NB – I miss my bottle (only time this happened) at 22.5km and I’m feeling fine so don’t go back for it. Tony and I are leading at this point with some of the others trailing behind and some right with us.
I actively slow down on the 22.5-25km lap because of the missed bottle and being super conservative. I can feel how big a difference it is not having the cold bottle to squirt myself with continuously. I do manage to grab a plain water bottle at the 1K aid station which is thankfully cold. I pour most of it on myself and drink a bit.
25-30km (17’27) – halfway in 1’27’12
We pass halfway in just over 1h27. I remember thinking that 2h54-55 will probably win and sub 3h00 will probably medal. Still running conservatively at this point. Tony and I are still talking a fair amount and said we want to wait until 30-35km to make a move. We are with both Zimbabweans at this point (I think).
This is where things start to happen. First, one of the Zimbabweans and Tony drop back slightly and Collen and I have the lead. It doesn’t feel like there’s been a big acceleration yet, so I wonder if Tony is struggling. I am leading at at this point.
I think it is then around the 33.5km mark that Tony says he needs to use the potty and I honestly think that he may be done. (That said, I also remember my own “issues” at Mad City, which I then went on to win, so I know that it’s not a huge deal to spend 10-20 seconds clearing out some space in a 3 hour race). He kind of takes off about 200m in advance of the potty and I slow down a lot to hang back so we spot him quite a bit of room. I figure it’ll be better for both of us and the team if we can stick together as long as possible. Collen takes off briefly and I try to tell him that Tony is just going to the bathroom, that it’s not a real break, and he settles back down.
Tony makes a big move to catch up to us quite quickly (less than one lap later) and he does NOT slow down at all, but just motors on by. He is running significantly faster than we are and I just don’t feel like I can match him to hang on. Makaza does, though, and goes with him and before I know it, they have a 20m lead on me going into the aid stations. Part of me really wishes I were up there duking it out, but I also am aware of how costly a big surge like that could be with almost 15km left and it’s not worth the risk. I know I may be settling for bronze if those two are strong enough to hold on, but I’d rather run a more conservative race and get bronze than risk totally blowing up for a chance to be up at the front with 12km to go.
Makaza barely even lasts 1 lap though and is slowing down significantly before 40km. I realize I’m going to catch him and then it’s just a matter of what to do at that point. I am also slowing down a bit at this point. My legs and feet are beginning to feel quite rough. Each sharp right hand turn (of which there are 5 per lap) is excruciating on my right outside forefoot. I am no longer feeling comfortable and know that at this point I will need to take myself to a very dark place to hang on for these last 30-40 minutes.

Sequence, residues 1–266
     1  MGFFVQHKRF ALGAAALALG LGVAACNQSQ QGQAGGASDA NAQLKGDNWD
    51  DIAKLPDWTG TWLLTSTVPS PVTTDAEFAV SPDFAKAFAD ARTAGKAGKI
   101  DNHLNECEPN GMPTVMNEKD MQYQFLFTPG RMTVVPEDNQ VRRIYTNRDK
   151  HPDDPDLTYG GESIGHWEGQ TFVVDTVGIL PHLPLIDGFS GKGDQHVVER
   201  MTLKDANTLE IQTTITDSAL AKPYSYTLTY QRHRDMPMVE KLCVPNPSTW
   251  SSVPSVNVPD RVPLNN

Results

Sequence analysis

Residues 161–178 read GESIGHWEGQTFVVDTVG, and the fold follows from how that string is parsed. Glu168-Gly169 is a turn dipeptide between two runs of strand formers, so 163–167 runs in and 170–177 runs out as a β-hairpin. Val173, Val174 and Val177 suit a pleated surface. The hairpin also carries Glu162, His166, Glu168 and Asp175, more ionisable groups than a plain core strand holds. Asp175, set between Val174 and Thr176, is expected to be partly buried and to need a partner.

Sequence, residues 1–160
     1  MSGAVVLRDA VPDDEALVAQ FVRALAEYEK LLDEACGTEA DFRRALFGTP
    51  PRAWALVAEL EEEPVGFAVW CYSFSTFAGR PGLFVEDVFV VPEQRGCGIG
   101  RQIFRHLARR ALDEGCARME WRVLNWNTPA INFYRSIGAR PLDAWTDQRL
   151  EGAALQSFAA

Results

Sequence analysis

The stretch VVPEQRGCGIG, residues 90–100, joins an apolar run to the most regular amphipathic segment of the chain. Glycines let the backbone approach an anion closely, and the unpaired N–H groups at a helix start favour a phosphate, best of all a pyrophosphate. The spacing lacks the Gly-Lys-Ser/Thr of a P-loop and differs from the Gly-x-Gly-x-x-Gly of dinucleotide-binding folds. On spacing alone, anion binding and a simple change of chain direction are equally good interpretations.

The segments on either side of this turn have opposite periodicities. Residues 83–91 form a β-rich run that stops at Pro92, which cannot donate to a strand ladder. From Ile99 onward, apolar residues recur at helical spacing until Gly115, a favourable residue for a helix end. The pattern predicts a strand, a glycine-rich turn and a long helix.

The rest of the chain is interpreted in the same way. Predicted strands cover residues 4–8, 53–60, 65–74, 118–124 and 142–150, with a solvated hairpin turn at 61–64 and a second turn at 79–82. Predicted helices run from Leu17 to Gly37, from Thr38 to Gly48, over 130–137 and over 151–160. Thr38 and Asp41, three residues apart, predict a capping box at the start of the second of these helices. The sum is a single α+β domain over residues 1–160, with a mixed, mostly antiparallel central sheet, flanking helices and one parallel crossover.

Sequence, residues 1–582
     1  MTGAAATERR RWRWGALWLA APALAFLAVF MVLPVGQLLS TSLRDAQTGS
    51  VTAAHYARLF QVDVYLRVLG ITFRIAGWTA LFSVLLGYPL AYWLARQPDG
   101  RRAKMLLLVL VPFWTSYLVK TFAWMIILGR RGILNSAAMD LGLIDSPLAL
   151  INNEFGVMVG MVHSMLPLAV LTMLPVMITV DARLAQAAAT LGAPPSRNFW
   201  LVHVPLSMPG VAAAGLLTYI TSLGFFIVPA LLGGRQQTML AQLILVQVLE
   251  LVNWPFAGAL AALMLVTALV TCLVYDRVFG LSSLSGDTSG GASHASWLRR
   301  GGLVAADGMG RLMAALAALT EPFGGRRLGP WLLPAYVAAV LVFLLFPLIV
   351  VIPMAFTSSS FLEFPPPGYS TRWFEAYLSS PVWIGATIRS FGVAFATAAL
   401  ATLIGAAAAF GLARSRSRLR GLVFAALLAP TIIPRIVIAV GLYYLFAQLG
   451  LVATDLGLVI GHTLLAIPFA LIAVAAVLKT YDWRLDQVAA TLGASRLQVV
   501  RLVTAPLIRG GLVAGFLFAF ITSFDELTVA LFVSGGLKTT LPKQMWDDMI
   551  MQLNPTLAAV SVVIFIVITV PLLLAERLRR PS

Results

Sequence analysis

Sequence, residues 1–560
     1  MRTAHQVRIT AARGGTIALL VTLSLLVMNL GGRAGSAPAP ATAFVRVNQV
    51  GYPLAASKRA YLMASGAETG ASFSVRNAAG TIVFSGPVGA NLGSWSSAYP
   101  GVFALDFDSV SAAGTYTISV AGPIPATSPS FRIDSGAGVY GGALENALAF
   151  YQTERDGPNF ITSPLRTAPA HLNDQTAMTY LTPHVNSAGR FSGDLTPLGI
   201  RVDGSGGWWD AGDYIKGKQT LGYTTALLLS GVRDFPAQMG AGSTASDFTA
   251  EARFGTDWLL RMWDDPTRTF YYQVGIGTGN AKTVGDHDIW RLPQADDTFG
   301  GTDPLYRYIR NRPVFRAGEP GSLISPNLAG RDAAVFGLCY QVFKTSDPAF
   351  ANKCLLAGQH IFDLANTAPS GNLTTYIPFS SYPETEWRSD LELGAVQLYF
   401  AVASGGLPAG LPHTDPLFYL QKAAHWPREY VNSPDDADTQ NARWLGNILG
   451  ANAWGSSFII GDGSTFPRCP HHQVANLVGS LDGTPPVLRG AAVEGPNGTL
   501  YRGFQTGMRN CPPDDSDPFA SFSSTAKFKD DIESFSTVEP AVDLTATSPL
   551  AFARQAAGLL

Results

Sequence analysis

I am channeling Don Gately – building a wall around each second, each heartbeat, not letting my mind thinking beyond enduring this one moment. Each moment that passes is endurable, each moment that goes by is forgotten, each moment ahead is ignored. I focus only on the NOW, and if I make the NOW a short enough time-frame, even those sharp right hand turns are bearable. This is what it’s all about.
I catch up to Makaza and actively tuck in behind him to slow down and take a few minutes of recovery. I don’t have a great idea of exactly what I’m going to do at this point. Less than 10km remain. I know he is very strong over ultra distances (he’s a previous World Champion at 50km and was 2nd at Two Oceans, one of the most prestigious ultras in the World, this year), so I am thinking that my best strategy will be to wait until as late as possible and then, if we’re still together, make a hard move relatively close to the finish line (maybe somewhere in the last lap, even the last kilometer or 500m).
And so these laps are quite slow, but I am trying to run his pace. He is clearly beat as every time I drop back and let him lead we slow down to what feels like a VERY slow pace. So, I lead the two of us and keep the pace just a bit faster than I feel like he is comfortable running, but doesn’t feel too bad to me. I figure if he is running a bit too fast, I might also break him from farther out which would obviously be beneficial as well.
I do know that we’re running quite slowly, though, and I’m thinking a bit about the runners behind us. It’s extremely difficult to tell where anyone else is because of all the other runners on the course. I have lapped everyone on the US team (except Tony) at least once and looking back yields very little useful info because there is a constant stream of runners. I know that the a lot of best runners in the field are probably accounted for (Tony, me, Makaza, the other ZIM guy who is way back at this point), but I also know there should be the KEN runners back there and – who knows – some other rando could be having a great race and charging hard over the last 10km.
Still, I decide to wait to make a strong bid. I’m feeling just bad enough that I’m almost sure I can maintain this effort to the finish line, but it still seems to far away to take it any further.
45-47.5km (9’10 – 18’20 5km pace)
Around 47km, with about a lap and a half to go, I finally drop Makaza for good. The pace has slowed dramatically (I tuck behind him on the first long straightaway along the fields) and I can tell he is really struggling and decide I am close enough to make a bid for home. COMMIT.
I look back briefly on the aid station stretch and don’t see him, so I know I’m in good shape. Something odd happens at that point, though, which is that two other runners come up onto my shoulders. They are running as fast as I am. One of them looks like a total noob (looks like he’s sprinting and we’re only running like 3’30/km), so I figure he must be a relay runner that is about to finish. The other looks quite good and I think he must have snuck up on me.